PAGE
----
29 April 2013. European ban on neonicotinoids: Historic victory for the environment
PAN Europe warmly welcomes the vote of European Member States in favour of the proposal of the European Commission to ban 3 neonicotinoids (imidacloprid, thiamethoxam and clothianidin) toxic to bees for 2 years. After nearly 20 years of fight of beekeepers and environmentalists, this historical vote is a strong signal given by Europe on environmental protection.
PAN Europe congratulates DG Sanco for its perseverance to maintain its ban proposal as it originally was, despite the incredible pressures it received from Bayer and Syngenta as well as the nasty game played by countries such as Germany, UK, Hungary or Austria. These countries have developed huge efforts to undermine the proposal of the Commission and to gather a majority of Member States in favour of a modified proposal filled with exemptions possibilities that would have watered down the effect of the proposed ban.
PAN Europe nevertheless would like to stress that the proposal voted today does not go far enough to protect the environment:
- These toxic chemicals will still be authorised on winter cereals and even though cereals are not attractive to bees, ground will be contaminated and growing the next year, for instance, sunflowers on this contaminated soil would expose bees to toxic nectar.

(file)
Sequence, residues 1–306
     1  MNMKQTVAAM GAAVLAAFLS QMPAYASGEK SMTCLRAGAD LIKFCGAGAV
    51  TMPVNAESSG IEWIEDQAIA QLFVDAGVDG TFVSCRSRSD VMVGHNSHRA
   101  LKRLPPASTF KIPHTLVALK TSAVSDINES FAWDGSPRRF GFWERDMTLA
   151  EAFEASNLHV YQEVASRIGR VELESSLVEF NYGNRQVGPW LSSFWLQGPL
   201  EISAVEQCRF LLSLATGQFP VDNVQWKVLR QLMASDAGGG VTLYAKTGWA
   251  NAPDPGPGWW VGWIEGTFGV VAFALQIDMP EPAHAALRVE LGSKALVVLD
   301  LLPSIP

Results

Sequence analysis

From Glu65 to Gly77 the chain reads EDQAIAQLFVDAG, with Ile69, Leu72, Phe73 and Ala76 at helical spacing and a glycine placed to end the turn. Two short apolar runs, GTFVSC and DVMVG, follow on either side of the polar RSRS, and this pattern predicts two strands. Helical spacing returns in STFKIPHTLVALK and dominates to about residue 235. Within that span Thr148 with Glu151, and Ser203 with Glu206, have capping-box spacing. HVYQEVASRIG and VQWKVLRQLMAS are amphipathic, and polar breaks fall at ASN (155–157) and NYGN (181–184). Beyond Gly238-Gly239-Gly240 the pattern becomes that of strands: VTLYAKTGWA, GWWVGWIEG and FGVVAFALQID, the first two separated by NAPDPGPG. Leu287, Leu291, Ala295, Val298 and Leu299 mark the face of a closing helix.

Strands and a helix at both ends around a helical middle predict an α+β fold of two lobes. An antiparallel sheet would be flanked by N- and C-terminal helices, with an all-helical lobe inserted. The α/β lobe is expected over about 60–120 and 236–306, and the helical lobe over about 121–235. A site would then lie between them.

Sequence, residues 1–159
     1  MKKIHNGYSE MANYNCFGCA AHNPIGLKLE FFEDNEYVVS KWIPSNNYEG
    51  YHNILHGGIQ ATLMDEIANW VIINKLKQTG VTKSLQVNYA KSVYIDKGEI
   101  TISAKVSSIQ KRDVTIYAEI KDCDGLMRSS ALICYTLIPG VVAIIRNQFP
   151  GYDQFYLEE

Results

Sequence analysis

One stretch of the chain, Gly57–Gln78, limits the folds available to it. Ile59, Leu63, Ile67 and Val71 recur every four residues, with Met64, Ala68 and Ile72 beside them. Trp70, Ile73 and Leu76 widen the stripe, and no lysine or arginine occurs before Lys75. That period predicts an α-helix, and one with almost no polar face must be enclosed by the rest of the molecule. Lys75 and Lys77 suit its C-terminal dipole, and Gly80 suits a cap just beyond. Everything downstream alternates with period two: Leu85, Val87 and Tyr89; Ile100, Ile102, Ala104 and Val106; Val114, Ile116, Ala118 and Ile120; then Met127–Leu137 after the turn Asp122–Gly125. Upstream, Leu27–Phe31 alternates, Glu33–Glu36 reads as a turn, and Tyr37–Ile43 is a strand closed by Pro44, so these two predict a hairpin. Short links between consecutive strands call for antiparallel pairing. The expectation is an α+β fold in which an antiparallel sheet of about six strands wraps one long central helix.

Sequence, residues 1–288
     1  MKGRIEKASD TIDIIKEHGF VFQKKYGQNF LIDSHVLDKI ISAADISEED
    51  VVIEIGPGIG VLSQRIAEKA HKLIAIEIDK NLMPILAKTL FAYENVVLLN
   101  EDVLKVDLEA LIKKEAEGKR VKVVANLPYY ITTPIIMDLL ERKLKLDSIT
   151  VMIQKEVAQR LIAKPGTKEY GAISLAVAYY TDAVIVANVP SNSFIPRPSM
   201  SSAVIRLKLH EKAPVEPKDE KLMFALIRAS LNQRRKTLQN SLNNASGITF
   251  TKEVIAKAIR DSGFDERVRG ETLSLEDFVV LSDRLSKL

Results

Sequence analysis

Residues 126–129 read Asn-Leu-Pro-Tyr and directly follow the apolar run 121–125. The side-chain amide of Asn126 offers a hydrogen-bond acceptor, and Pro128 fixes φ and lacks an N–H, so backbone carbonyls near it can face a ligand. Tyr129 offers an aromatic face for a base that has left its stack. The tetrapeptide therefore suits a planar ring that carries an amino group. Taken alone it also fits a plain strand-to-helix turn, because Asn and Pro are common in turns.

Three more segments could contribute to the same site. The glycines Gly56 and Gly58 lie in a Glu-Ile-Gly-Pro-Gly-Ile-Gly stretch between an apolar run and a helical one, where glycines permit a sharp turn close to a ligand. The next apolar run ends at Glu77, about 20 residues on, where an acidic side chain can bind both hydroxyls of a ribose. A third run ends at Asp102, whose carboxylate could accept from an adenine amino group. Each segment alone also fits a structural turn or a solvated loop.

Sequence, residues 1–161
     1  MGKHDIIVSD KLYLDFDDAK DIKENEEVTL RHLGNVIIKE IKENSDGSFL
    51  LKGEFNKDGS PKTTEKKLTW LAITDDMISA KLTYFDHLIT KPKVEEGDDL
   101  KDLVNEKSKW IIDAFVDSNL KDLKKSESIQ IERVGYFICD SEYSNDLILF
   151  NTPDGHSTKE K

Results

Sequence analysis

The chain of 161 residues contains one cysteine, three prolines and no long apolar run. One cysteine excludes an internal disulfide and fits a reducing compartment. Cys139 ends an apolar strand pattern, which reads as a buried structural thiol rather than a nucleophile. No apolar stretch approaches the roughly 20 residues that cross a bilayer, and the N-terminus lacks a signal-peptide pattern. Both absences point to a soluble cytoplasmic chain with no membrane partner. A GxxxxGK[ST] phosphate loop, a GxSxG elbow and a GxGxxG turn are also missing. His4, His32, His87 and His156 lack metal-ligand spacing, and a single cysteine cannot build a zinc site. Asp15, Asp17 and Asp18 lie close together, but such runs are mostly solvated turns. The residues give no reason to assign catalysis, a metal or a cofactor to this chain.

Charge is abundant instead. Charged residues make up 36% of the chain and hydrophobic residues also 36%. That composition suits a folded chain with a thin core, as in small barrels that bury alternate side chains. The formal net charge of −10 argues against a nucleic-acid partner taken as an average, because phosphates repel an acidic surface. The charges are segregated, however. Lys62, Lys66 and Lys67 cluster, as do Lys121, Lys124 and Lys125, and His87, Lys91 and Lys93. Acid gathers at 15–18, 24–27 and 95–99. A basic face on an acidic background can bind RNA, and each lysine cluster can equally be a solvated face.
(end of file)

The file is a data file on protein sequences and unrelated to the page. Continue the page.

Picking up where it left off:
- EFSA reported potential risk to bumblebees and wild bees nesting in the ground due to soil contamination. By authorising the use of seed coating with these chemicals on winter cereals, European Commission avoids protecting wild pollinators, despite recent publications indicating their services are of major importance , .
- Degradation time (half-life) of these chemicals can take years and thus after the 2 years ban, the environment will not be free of these chemicals and no conclusions will be possibly drawn on their responsibility in honeybee colony losses.
- Thiacloprid and acetamiprid, 2 neonicotinoids that are less toxic to bees but are used in higher doses are not banned, their use will thus increase to replace forbidden neonicotinoids, so honeybee colony die offs could continue.
For these reasons, PAN Europe asks Commission to go further and ban all neonicotinoids for a period of 10 years in order to efficiently clarify their role in the massive disappearance of honeybees in Europe.
2. Plant-pollinator interactions over 120 years: loss of species, co-occurrence, and function. Burkle LA, Marlin JC, Knight TM. Science. 2013 Mar 29;339(6127):1611-5. doi: 10.1126/science.1232728 . Epub 2013 Feb 28.